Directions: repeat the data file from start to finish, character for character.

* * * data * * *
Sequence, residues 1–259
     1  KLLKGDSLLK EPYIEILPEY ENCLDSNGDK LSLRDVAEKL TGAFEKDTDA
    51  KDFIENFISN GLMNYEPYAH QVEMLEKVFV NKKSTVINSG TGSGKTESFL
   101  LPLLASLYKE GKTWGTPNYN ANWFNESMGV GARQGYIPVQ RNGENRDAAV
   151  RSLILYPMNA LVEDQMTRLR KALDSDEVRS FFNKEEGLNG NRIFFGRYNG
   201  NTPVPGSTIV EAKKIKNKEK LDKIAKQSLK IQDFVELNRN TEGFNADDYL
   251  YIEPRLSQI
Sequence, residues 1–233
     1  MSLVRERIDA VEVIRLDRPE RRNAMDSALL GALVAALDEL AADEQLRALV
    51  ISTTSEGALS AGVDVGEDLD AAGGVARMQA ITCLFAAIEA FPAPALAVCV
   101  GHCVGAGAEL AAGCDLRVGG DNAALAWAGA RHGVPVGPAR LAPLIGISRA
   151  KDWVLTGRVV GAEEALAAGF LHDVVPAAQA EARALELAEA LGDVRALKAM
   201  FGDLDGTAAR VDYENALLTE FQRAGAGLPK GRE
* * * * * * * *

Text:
Sequence, residues 1–259
     1  KLLKGDSLLK EPYIEILPEY ENCLDSNGDK LSLRDVAEKL TGAFEKDTDA
    51  KDFIENFISN GLMNYEPYAH QVEMLEKVFV NKKSTVINSG TGSGKTESFL
   101  LPLLASLYKE GKTWGTPNYN ANWFNESMGV GARQGYIPVQ RNGENRDAAV
   151  RSLILYPMNA LVEDQMTRLR KALDSDEVRS FFNKEEGLNG NRIFFGRYNG
   201  NTPVPGSTIV EAKKIKNKEK LDKIAKQSLK IQDFVELNRN TEGFNADDYL
   251  YIEPRLSQI
Sequence, residues 1–233
     1  MSLVRERIDA VEVIRLDRPE RRNAMDSALL GALVAALDEL AADEQLRALV
    51  ISTTSEGALS AGVDVGEDLD AAGGVARMQA ITCLFAAIEA FPAPALAVCV
   101  GHCVGAGAEL AAGCDLRVGG DNAALAWAGA RHGVPVGPAR LAPLIGISRA
   151  KDWVLTGRVV GAEEALAAGF LHDVVPAAQA EARALELAEA LGDVRALKAM
   201  FGDLDGTAAR VDYENALLTE FQRAGAGLPK GRE